Just finished Cormac McCarthy's neo-Western thriller No Country for Old Men. There's no doubting the brilliance of the writing - although the clipped, transparent Hemingway-esque prose is almost laconic to the point of satire, and the carnage meted out by and pursuing the book's remorseless, chain-killing anti-hero, Chigurh (pron. Sugar) is at times a little OTT. Yet the novel offers a fascinating insight into the mindset of the deep South; one that, though many of us couldn't be more at odds with it, we can't in the current climate ignore and may (however reluctantly) need at least to understand.
There's good stuff here, if 'liberal with a small L' readers can get beyond some of their more knee-jerk reactions to the core redneck values - hippies, folks with green hair and bones through their noses and abortion don't seem to go down too good with the good ol' boys and, when not anxiously waiting for their husbands to return from work, the women folk tend to be rustling up something tasty on the range that will probably go uneaten when their husband retaurns home late. But then, just as you're starting to picture Dubya, cowboy booted feet up on the porch, grinning as he mouths the words of McCarthy's short, unfussy sentences that his index finger is skimming along, you're pulled up sharp. There's a beautiful meditation on inter-generational decline that Macca just allows to hang there, like an unpleasant smell that someone, at some point is going to have to do something about cleaning up. Contemplating the alarming number of children in the US being brought up by their grandparents because their parents don't want to bring them up, Sherrif Bell asks, what will happen to those children's kids' offspring if neither they nor their own parents want to bring *them* up themselves.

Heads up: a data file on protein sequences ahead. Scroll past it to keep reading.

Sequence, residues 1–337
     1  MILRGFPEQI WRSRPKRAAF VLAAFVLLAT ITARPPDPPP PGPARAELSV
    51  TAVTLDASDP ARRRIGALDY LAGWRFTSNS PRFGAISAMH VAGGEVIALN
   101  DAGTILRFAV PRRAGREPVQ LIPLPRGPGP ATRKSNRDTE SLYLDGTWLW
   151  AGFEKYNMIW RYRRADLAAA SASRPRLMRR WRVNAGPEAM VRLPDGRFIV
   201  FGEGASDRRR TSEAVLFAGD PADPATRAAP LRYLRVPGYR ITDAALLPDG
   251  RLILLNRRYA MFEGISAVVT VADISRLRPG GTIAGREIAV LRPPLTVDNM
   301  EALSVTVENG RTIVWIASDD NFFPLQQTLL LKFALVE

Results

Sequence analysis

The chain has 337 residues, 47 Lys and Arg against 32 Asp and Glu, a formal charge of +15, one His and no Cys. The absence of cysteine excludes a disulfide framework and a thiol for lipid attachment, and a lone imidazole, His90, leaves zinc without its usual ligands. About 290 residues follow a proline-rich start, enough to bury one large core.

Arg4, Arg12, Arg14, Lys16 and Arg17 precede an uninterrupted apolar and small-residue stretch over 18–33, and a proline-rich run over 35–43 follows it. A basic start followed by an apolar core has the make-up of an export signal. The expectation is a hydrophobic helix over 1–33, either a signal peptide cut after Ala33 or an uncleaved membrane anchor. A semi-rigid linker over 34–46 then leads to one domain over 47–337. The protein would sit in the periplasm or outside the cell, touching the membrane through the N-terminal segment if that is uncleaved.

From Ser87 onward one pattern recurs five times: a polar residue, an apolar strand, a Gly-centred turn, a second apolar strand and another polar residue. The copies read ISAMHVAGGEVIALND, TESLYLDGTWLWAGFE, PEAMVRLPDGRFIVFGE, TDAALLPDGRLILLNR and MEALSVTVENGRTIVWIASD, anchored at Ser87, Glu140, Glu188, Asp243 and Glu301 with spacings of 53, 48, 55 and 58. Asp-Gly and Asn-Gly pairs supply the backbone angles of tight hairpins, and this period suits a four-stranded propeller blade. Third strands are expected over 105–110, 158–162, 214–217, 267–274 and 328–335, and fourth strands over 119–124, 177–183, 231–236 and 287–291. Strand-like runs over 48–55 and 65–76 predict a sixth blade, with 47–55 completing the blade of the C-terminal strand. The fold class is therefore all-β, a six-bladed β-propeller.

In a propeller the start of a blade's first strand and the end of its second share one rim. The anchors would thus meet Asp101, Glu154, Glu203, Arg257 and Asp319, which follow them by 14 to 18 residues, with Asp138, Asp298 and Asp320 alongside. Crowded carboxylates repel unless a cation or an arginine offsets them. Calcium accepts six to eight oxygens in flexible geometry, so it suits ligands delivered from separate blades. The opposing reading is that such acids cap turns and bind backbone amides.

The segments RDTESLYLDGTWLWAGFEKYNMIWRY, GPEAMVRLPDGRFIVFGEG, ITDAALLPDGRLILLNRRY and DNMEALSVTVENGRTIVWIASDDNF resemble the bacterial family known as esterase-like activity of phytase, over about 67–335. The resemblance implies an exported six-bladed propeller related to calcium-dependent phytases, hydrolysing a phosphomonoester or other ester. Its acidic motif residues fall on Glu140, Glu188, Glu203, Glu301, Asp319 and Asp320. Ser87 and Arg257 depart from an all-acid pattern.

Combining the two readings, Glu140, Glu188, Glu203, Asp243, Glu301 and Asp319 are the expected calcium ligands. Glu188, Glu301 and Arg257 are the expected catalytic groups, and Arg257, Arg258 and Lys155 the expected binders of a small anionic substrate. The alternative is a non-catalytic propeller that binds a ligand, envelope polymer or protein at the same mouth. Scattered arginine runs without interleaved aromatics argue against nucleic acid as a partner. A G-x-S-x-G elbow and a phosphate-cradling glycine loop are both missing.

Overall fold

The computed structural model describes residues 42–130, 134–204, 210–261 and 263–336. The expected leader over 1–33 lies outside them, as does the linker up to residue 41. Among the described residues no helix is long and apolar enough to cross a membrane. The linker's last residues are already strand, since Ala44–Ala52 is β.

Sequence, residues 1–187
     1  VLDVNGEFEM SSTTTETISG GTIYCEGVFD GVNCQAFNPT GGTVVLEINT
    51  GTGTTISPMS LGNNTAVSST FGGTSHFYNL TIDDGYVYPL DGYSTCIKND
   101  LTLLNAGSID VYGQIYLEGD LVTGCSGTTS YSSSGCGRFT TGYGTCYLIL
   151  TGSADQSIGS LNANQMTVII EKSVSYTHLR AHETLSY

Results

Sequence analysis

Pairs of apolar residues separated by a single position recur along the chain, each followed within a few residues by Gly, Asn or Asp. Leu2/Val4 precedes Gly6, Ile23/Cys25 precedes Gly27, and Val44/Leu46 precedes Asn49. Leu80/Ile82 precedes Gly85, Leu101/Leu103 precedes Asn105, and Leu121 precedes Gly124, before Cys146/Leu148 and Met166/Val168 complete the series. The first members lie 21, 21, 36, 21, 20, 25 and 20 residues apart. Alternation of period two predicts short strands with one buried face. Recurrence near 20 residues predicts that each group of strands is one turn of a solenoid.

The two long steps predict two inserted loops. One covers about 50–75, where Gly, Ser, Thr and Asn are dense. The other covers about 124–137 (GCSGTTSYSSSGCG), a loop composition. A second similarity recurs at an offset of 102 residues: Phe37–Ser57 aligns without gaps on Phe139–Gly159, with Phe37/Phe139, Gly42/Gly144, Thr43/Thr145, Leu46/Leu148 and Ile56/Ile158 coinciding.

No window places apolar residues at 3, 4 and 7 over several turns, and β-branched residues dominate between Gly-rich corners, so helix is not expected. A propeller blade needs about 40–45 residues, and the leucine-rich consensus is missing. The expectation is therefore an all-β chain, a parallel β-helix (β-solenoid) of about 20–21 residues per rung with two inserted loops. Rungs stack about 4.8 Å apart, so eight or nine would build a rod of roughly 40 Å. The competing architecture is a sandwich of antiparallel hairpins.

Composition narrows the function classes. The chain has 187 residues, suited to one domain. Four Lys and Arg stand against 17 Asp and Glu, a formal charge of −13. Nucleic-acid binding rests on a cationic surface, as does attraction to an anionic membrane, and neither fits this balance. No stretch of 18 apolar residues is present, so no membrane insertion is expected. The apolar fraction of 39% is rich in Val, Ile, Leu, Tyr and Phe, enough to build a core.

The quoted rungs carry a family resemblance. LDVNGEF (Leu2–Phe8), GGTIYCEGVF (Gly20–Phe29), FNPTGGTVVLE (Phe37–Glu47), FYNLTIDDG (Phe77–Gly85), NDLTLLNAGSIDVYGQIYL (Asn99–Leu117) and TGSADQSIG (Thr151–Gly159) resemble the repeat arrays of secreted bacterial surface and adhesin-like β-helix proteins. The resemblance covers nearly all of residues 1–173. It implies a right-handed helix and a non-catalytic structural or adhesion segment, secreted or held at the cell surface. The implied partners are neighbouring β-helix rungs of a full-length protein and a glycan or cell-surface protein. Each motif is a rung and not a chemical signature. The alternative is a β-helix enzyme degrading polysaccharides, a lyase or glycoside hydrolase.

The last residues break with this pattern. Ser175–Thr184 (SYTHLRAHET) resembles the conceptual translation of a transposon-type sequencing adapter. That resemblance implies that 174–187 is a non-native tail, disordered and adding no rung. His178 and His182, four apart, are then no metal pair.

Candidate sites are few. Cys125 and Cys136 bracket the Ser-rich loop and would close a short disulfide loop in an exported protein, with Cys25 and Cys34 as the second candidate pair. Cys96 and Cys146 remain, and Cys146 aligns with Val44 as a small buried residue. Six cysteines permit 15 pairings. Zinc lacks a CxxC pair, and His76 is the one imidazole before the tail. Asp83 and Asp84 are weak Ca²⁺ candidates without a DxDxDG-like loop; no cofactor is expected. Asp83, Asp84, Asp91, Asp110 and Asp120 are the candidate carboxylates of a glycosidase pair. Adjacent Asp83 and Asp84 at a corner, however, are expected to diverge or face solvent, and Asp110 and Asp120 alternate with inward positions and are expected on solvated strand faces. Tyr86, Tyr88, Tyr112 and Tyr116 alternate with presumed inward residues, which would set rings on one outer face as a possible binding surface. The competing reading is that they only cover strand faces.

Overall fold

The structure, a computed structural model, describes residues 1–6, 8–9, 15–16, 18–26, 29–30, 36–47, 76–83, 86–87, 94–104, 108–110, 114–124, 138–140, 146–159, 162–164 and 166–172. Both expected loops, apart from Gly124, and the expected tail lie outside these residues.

The narrative is gripping and McCarthy evokes the John Ford scenery of the West beautifully. But it's the closing section, a sort of exended mediattion on the decline of the old West, that's most satisfying (and pertinent). This country can kill you in a heartbeat, but we still love it, McCarthy suggests at one point and it's as if his religious faith and patriotism have fused and both are being tested to the hilt by the country and its violent history and present. And does this ring any bells:
His eyes looked old. He said: People will tell you it was Vietnam brought this country to its knees. But I never believed that. It was already in bad shape. Vietnam was just the icin on the cake.. We didn't have nothin to give em to take over there. If we'd sent em without rifles I don't know as they'd of been all that worse off. You cant go to war without God. I dont know what is goin to happen when the next one comes. I surely dont
We're just beginning to find out, I fear.
There's a not-too glowing review (and in places inaccurate) here that underscores the book's more reactionary aspects
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